Just as with the microchip shortage, rental car prices have generated dueling headlines for most of the year. With chips, everyone agrees that the shortage is dire, and the disagreements center on how long it will take to get enough chips back in the system for automakers to return to reliable production. With rental cars, everyone agrees that prices have been breathtaking, and the disagreements center on when will it stop costing a house payment to rent a vehicle for a week. This week, Business Insider wrote a piece with the headline, “Renting a car could be much easier this fall,” while an L.A. Times headline said, “Why renting a car will be a pain until 2022.” The Times’ take is the better bet right now.
Why? Because until there are more microchips, the entire vehicle market will remain constrained. Consensus seems to be that the chip shortage will last at least until 2022, preventing enough vehicles from entering the market to satisfy demand. Rental fleet operations have been suffering and will continue to suffer because of this, as production cuts eliminate millions of vehicles from the market — Ford alone said it will get 1.1 million fewer vehicles off assembly lines this year, while Nissan said the chip shortage will shave 500,000 vehicles off its 2020 production. On top of that, natural disasters like Hurricane Ida have destroyed cars and further tightened the used-car market. In response, the Times reports that rental car agencies are trying to buy back cars they’d sold at auction, and are keeping the cars they have for tens of thousands of miles longer than they used to.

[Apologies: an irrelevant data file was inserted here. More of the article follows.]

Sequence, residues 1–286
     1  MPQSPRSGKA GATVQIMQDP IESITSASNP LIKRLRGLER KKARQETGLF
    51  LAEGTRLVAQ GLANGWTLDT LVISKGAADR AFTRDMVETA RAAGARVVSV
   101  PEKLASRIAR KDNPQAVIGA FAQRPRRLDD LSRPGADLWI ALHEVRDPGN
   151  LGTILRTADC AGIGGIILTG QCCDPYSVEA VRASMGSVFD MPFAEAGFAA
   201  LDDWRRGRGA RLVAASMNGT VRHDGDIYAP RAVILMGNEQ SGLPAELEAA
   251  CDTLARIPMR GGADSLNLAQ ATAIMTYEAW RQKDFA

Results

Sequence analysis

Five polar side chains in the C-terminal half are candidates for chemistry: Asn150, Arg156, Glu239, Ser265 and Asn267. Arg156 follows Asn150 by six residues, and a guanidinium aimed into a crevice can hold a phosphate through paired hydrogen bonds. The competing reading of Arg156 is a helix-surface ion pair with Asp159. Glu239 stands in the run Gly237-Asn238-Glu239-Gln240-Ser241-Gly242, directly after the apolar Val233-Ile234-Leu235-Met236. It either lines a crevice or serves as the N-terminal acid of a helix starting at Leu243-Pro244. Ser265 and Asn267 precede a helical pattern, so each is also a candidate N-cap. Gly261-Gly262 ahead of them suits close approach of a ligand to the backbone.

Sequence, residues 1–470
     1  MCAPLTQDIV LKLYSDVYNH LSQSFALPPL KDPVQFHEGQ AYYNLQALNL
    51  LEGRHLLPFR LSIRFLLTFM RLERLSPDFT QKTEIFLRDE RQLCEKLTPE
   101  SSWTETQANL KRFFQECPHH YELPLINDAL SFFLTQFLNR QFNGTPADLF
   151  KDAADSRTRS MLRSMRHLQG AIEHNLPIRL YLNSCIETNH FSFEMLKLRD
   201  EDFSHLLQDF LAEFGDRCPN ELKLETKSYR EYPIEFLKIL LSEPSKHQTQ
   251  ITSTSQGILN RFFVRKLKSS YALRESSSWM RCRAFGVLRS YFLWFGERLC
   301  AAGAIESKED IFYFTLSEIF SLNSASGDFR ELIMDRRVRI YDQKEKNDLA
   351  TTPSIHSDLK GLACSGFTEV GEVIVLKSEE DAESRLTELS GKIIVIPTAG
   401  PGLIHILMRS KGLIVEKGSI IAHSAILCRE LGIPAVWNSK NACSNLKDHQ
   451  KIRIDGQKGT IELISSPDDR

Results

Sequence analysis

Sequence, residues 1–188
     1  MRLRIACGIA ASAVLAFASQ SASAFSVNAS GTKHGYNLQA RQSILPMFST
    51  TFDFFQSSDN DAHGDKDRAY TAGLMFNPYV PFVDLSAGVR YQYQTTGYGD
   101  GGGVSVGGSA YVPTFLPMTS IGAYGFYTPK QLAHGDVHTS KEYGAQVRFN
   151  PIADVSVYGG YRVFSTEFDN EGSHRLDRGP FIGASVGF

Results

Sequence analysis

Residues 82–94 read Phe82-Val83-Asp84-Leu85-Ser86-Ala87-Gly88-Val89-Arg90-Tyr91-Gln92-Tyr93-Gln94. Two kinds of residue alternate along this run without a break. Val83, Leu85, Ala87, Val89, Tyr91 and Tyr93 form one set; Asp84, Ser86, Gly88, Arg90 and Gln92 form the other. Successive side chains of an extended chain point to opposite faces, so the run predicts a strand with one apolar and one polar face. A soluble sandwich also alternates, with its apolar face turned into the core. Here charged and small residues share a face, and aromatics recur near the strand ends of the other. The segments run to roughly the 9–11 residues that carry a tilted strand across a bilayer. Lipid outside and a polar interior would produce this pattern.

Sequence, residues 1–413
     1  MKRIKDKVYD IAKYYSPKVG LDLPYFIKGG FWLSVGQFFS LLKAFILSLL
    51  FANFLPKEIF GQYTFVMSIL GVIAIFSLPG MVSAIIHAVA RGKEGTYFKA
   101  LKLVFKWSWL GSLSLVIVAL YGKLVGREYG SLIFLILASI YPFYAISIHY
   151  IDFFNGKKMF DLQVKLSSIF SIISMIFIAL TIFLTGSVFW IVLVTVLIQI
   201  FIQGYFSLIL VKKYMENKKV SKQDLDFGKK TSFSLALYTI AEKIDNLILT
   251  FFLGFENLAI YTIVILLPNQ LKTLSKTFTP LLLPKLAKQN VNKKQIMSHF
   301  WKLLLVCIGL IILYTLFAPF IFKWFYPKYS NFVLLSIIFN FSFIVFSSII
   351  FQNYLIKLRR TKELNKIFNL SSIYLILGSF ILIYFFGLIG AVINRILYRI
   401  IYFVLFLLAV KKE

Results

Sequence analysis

On top of that, not only are rental companies begging for cars, they’re begging for workers. The result is that if a traveler can find a rental car at a tolerable price, he or she might endure a customer service nightmare trying to get the car off the lot.
Business Insider could be in the right if we read “much easier” as “slightly less expensive.” The Times said average rental prices were around $45 per day at the beginning of 2020, hit $120 per day during the summer scrum, and are down to about $80. But with more holidays right around the corner, a return to triple-digit pricing probably isn’t far away. So book early, be flexible, consider renting vehicles in urban locations instead of at the airport, and as one outlet suggested, “You’ll want to plan to spend a little extra.” Good luck.